In the Jewish religion, Hanukkah is an eight-day holiday celebrated on the 25th of the Jewish month of Kislev.
The religious observance consists of lighting the menorah, a candelabrum with eight branches and a central socket. Each branch represents one day of the holiday and the ninth candle, which is placed in the central socket, is called the Shamash — this candle is known as the “helper” or “servant.” The Shamash is the candle which is used to light the other eight candles.
Each night, families light a candle by starting with the Shamash and the candle furthest to the left. By the last night, every candle is lit. During the lighting of the menorah, Jewish people say a prayer about the lighting of the candles. In Hebrew, the prayer reads, “Barukh atah Adonai, Eloheinu, melekh ha’olam, asher kidishanu b’mitz’votav v’tzivanu, l’had’lik neir shel Chanukah.” The English version translates to, “Blessed are you Adonai our God, Ruler of the universe, who has made us holy through God's commandments, and commanded us to light the Hanukkah candles.”
Most people are familiar with the menorah and lighting candles, but the story of Hanukkah and why it is celebrated is lesser known. Over 2,000 years ago, Israel was ruled under a Syrian-Greek regime, headed by the Syrian King Antiochus III. During his reign, Antiochus III allowed Jewish people to practice their religion. Many Jewish people were influenced by their surroundings and became Hellenists, individuals who focused on idol worship and followed the Greek culture.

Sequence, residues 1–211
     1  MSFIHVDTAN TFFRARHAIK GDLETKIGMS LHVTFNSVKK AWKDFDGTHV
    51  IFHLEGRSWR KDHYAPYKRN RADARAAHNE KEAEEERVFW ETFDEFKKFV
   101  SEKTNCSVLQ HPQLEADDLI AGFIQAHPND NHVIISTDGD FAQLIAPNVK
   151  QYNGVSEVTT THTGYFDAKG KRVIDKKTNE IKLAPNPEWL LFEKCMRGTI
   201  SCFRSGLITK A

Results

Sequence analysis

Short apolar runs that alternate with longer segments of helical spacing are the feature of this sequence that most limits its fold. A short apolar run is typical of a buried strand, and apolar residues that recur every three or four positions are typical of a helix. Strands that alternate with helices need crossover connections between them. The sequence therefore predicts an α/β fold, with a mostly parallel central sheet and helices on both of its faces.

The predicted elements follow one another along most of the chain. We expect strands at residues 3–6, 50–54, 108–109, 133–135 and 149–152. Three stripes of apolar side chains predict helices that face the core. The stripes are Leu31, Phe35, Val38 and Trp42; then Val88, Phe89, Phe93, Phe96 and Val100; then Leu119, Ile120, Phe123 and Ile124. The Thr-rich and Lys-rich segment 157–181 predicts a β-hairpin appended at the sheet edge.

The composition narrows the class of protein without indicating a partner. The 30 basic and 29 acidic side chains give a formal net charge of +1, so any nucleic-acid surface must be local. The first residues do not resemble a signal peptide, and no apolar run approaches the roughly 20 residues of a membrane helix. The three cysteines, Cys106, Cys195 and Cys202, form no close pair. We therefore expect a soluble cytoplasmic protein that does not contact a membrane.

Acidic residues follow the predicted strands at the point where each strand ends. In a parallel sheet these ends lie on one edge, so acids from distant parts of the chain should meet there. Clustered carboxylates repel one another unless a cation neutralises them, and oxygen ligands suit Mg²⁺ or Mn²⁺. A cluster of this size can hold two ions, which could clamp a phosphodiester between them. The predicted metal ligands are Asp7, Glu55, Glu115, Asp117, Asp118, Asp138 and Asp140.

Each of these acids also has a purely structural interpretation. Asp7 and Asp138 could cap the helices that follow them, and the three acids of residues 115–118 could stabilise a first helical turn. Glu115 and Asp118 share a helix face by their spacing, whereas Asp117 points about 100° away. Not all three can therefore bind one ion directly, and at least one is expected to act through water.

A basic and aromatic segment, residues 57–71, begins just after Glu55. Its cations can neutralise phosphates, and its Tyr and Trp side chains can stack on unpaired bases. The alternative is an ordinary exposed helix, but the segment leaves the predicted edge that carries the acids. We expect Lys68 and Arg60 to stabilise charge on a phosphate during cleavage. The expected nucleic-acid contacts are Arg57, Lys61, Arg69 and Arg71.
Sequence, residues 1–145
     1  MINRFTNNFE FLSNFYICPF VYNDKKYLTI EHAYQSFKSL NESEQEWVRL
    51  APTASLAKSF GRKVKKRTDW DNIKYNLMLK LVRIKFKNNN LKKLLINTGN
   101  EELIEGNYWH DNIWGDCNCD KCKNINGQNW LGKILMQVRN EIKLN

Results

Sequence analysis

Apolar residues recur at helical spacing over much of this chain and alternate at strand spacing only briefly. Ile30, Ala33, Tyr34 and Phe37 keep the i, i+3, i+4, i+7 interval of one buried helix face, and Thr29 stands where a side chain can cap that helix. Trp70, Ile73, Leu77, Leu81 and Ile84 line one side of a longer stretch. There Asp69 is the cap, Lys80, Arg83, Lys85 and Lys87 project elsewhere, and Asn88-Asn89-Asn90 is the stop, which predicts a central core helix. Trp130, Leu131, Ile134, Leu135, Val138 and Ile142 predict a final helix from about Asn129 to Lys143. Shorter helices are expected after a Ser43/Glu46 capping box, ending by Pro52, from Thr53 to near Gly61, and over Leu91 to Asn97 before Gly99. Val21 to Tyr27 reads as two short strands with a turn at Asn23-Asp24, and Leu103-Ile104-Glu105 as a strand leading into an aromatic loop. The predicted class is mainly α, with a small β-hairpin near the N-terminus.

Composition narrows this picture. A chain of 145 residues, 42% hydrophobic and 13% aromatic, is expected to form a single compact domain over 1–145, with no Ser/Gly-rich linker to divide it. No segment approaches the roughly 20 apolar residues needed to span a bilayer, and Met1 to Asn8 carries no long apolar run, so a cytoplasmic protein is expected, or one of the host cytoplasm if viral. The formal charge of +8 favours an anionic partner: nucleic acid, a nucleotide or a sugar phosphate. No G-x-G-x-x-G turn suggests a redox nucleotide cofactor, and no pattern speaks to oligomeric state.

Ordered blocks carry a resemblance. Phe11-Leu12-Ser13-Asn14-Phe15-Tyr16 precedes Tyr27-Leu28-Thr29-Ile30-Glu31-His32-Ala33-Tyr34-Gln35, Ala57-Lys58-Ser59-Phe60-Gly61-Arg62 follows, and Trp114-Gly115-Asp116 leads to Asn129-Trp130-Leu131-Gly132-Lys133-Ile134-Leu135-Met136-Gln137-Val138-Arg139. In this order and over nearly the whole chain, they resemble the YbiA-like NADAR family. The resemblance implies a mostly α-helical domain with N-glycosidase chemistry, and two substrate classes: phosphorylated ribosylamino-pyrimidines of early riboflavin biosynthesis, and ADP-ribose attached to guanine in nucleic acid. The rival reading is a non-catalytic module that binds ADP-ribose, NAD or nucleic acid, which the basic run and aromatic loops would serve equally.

When Antiochus III passed away, his son, Antiochus IV, took over. Antiochus IV was not as kind as his father, forcing all Jewish people to worship Greek gods and banning Judaism. Antiochus IV sent his soldiers into the city of Jerusalem, which resulted in thousands of deaths and the destruction of the city’s holy Second Temple.
Antiochus IV’s actions forced many Jewish people into a rebellion led by the Jewish Priest Mattathias and his five sons. When Mattathias died, his son Judah Maccabee took over and Jewish people were then named the Maccabees. After winning the war against the Syrian Greeks, the Maccabees were sent to cleanse the Second Temple, rebuild its altar and light its menorah which represented knowledge. The flames were meant to be everlasting.
When going to reignite the everlasting flames on the menorah, the Maccabees found only enough oil to last them one day. They claimed by some miracle, however, that the flames stayed lit for a total of eight days. This gave them enough time to find a fresh supply of oil to keep the candles burning. This is why Hanukkah is celebrated over eight days and why the menorah is lit every night during the holiday.